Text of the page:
Here's the swinging bridge.
Here's the view up the river. You can see the early morning mist.
On the trip, a lot of students get up early (6:00) to join Tim Parshall and Debra for birding. Here, Tim, Debra, and Heather check out some local birds.
Here are a lot of hungry WSU students chowing down in the dining area. Breakfast is at 7:00. There are about 150 guests at the research station, with a lot of college trips. We've seen students from Keene State, Michigan State, Colgate, Hobart Smith, and other schools. There are also a lot of scientists, graduate students, and researchers at the research station, carrying out tropical research.
The schedule is very packed, so you have to grab a moment when you can. Here, Bridget writes in her journal. The journal is a critical component of the trip, and there is SO MUCH going on and you see SO MUCH that keeping your journal up to date in the limited free time is a real chore.
Bekah checks in with her family and friends.
Kate, Paige, and Chloe enjoy the last cuppa before work starts.
Tim watches as Nick nabs a spider to inspect it.
Here's John, chatting on the sofa.
Right outside the cafeteria is a tree with this beautiful Orchid. My wife allowed me to go on this trip only if I took pictures of Orchids, so here it is :-) I think she said this one was a Brassavola species. I feel kinda guilty. As I write this in short sleeves, sweating, she says the temperatures at home, with the wind chill are -40 F.
Many of the birds and mammals are high in the trees. So guides use spotting scopes, which are more powerful than binoculars, to bring the animals into view for folks to see. Here, Coltin checks out a bird.
Heather gives a bird "the eye."
Nick is excited by what he sees.
Albert, our local guide, explains some of the intricacies of the forest.
The group crossing the swinging bridge.
The tale-tell sign of a guide is a heavy tripod with a spotting scope, and they're always looking up.
It always amazes me how much activity goes on at one time. People looking through the scope, through binoculars, looking things up in books, checking web resources, thinking, explaining, asking...
This is a picture of the soccer field, with the forest in the background. You can get a sense of the size of some of the plants.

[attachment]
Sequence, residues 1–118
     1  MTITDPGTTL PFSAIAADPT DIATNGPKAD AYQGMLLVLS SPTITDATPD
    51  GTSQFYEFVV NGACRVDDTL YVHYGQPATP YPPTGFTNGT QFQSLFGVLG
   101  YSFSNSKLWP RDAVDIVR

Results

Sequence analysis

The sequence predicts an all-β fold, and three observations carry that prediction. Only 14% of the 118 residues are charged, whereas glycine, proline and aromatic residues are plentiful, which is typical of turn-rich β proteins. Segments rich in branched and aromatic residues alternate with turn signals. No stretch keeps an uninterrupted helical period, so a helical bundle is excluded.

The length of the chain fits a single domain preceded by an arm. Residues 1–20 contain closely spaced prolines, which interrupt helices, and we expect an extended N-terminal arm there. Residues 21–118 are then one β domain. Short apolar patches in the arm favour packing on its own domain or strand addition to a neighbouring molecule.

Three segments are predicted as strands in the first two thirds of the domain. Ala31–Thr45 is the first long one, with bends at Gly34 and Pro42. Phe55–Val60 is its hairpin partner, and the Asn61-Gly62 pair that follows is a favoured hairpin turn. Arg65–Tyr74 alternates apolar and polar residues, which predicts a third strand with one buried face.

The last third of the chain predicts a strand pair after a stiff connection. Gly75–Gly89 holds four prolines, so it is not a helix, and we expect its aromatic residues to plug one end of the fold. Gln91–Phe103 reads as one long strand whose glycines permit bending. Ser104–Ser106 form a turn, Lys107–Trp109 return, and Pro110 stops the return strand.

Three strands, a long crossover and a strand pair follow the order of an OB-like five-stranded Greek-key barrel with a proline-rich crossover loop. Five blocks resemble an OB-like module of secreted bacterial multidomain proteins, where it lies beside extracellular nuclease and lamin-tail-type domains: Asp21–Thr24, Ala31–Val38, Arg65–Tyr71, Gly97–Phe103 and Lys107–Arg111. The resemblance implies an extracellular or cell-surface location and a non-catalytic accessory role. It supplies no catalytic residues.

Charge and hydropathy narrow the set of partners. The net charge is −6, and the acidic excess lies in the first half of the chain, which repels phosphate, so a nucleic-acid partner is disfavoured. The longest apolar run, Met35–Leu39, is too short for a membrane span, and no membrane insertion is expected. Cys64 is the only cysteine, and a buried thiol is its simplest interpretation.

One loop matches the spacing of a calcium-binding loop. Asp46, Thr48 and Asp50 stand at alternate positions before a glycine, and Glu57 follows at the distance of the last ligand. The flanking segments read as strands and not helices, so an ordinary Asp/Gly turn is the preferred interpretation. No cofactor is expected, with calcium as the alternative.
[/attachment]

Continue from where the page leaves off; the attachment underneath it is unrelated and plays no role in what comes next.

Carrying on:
I think this is a three-toed sloth.
There's no end to the diversity of birds. In Costa Rica, you have migrating birds from North America, South America, Central America, and native birds. Many of the bird species are elevation dependent, and dependent on the wide variety of forest ecosystem types. Tim Parshall and Deb are both quite good at spotting and identifying them. On one two-week trip, Tim saw and identified 174 birds. Me, I'm not so good at it. Plus, as you can imagine, they're wicked hard to photograph high in the trees.
Here Chloe, Deb, and Tim walk on the trail. Deb is explaining some bird concept to Chloe. Notice that both Deb and Tim have their bird ID books in hand. Identifying what you see and trying to understand its role in the ecosystem is a never ending task.
This is a long-nosed bat.
Q: How many white tent bats do you see? These bats work as a team to chew through the veins supporting large leafs till the leaf folds over, making a tent the bats use as shelter. As their food source is used up (fruits), they move along to a new location that has ripe fruit and create a new tent. Each of these little balls is about the size of a ping pong ball, or a little smaller.
I get a kick out of these Toucans - just like on the cereal box. Their beaks are so large, its hard to understand how they can fly.
A weeny tiny lizard, about an inch and a quarter long.
In the afternoon, we went a a chocolate tour. I'll post something on that in the morning.